By John Kananghinis
OK, fair cop. I did it.
Forty some years ago I may have broken some road rules and possibly even made an occasional comment that would, today, be considered sexist. I may even have said that something one of my fellow teenagers said, or did, was ‘totally gay, dude’.
Lucky for me there was no Twitter, or Faceplant or whatever the latest online platform for the terminally immature and narcissistic is. No mobile phones, not even faxes. There was Telex (if you remember that, you too are old) but it wasn’t really anything one could consider social media. The only social media we had was the pen and paper, and perhaps the school magazine.
So, I probably did it, but there is no record. Therefore, all good.
Not so fast. Someone else, who never liked me all that much, remembers me doing it (whatever it was) and they even have a journal, purportedly from that far distant time, that, for some unknown reason, they have kept and have conveniently just found. Coincidently, just as I’m about to announce that I would like to be the Victorian Opposition leader – well, someone has to do it.
That’s the end of that, then. No public life for me. Far to compromised and clearly of poor character. Afterall, under 18s should always be held accountable for their actions in later life. They should be perfectly aware that what they do, or say, as adolescents, will determine the course of their lives and their suitability for any position, let alone high political office, forever.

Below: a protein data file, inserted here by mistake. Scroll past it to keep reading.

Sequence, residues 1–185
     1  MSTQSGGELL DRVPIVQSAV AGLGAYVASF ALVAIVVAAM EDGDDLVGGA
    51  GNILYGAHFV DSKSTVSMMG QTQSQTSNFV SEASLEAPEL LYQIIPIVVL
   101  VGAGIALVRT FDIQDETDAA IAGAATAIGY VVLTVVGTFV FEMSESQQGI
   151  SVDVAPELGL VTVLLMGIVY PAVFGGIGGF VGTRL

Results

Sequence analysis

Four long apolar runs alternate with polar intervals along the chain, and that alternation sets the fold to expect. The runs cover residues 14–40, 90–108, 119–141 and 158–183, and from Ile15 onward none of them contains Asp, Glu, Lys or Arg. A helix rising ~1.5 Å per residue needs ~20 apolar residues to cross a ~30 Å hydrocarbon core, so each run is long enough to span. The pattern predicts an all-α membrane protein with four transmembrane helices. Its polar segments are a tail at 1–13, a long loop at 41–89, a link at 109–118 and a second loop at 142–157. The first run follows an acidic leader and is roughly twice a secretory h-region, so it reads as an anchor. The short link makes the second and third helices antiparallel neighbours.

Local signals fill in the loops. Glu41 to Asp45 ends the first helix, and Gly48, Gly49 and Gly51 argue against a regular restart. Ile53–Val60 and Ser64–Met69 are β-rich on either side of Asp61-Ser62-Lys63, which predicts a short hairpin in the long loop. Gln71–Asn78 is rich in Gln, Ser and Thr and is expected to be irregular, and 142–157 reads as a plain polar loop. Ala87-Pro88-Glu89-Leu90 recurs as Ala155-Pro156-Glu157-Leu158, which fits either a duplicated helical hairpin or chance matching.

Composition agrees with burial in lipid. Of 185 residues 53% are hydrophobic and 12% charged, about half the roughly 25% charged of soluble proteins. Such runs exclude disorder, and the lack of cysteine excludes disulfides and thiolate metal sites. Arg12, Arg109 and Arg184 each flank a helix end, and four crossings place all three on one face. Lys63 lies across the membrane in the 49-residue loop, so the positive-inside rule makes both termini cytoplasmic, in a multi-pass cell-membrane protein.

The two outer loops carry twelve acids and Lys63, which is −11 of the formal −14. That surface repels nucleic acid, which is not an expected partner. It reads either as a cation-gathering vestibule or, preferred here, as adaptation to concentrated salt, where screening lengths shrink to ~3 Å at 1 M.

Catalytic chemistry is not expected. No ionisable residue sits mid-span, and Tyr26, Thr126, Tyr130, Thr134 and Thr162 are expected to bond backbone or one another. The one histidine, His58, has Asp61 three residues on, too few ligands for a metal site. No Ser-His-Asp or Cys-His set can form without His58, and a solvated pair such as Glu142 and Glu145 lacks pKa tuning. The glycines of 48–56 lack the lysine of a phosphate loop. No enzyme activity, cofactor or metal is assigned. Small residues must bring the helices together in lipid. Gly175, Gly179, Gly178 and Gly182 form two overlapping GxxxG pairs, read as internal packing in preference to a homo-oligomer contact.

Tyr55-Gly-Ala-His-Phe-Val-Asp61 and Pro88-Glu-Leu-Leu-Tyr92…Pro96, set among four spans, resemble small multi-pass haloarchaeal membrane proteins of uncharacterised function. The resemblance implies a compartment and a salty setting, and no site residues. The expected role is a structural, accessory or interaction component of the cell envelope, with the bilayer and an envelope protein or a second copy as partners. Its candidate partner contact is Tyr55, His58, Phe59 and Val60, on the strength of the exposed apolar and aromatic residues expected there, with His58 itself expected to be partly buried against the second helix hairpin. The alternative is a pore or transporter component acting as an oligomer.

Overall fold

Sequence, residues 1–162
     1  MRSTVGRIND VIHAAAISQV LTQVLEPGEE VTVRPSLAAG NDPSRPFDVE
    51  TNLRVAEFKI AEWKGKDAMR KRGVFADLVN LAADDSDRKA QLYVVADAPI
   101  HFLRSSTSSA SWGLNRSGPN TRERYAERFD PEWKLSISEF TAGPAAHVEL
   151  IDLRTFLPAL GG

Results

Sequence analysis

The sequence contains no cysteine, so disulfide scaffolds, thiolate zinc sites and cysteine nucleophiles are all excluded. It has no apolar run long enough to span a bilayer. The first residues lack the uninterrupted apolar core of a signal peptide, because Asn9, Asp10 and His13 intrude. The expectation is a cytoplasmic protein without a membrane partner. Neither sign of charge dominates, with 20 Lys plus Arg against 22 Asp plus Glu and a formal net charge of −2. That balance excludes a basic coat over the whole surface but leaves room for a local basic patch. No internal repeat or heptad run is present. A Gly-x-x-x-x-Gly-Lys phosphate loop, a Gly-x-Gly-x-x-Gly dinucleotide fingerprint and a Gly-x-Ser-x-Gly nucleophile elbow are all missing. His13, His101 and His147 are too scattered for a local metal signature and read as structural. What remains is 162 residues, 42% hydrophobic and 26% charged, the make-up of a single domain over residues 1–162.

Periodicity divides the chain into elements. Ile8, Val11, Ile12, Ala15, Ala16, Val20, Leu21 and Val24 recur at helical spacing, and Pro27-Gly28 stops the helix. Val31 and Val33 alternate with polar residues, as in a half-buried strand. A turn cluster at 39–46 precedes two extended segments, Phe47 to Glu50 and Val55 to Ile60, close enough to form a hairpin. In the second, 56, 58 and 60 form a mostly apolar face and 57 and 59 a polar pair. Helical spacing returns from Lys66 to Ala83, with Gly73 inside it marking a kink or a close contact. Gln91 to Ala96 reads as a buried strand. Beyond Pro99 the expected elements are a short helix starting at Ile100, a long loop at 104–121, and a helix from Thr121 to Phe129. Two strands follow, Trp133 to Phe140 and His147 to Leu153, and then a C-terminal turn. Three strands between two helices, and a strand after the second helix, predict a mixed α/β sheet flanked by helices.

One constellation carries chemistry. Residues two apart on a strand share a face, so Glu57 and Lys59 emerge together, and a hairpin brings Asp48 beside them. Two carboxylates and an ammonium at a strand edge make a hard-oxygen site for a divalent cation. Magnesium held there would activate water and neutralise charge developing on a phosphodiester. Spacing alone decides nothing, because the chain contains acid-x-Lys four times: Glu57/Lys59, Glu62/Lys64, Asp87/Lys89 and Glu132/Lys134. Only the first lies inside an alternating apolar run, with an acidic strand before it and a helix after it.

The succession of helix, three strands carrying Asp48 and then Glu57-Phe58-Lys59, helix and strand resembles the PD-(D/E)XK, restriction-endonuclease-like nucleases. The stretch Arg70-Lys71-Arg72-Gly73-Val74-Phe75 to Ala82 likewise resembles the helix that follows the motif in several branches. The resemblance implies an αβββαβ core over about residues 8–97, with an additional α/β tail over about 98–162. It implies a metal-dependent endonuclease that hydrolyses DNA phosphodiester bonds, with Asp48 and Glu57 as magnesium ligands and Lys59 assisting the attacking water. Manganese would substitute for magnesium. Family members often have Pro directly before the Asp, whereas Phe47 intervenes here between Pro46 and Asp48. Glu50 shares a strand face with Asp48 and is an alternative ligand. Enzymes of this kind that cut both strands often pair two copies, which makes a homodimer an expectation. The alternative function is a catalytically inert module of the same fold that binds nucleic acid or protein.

Clearly that is a ridiculous proposition. Or is it?
Forget the ongoing issues in this country, character assassination based on the behaviour of children has surely reached its apogee when the newly appointed editor of Teen Vogue, a 27-year-old black woman, is drummed out of her position on the basis of allegedly homophobic and racist slurs she Tweeted when all of 17. Oh, and also because she turned up to a teen fancy-dress party in a Native American consume.
Despite, 3 years ago, having apologised for the (rather mild) comments, the staff of Teen Vogue and two of its advertisers could not stomach the thought of working with this racist white supremacist, no, wait, she’s black, remember?
Anyway, she’s toast, on the scrap heap, far too much for the snowflakes to bear.
With biblical teaching no longer in vouge (sorry could not help that one) it’s no surprise that certain basic rules conveyed by such writings no longer apply, such as ‘Let anyone among you who is without sin be the first to throw a stone…’
I feel for the youth of today. They have no private space in which to grow up. To make mistakes, learn from them and mature. If current trends continue, they will be paying for their obsession with online existence for the rest of their lives. Can we cut the kids some slack and, for God’s sake, take the damn phones off them, for a while?
As they say in the classics, good luck with that.
RMK+A, sadly, has experience in addressing issues raised by employee’s past and present use of social media and can assist in navigating such perilous waters.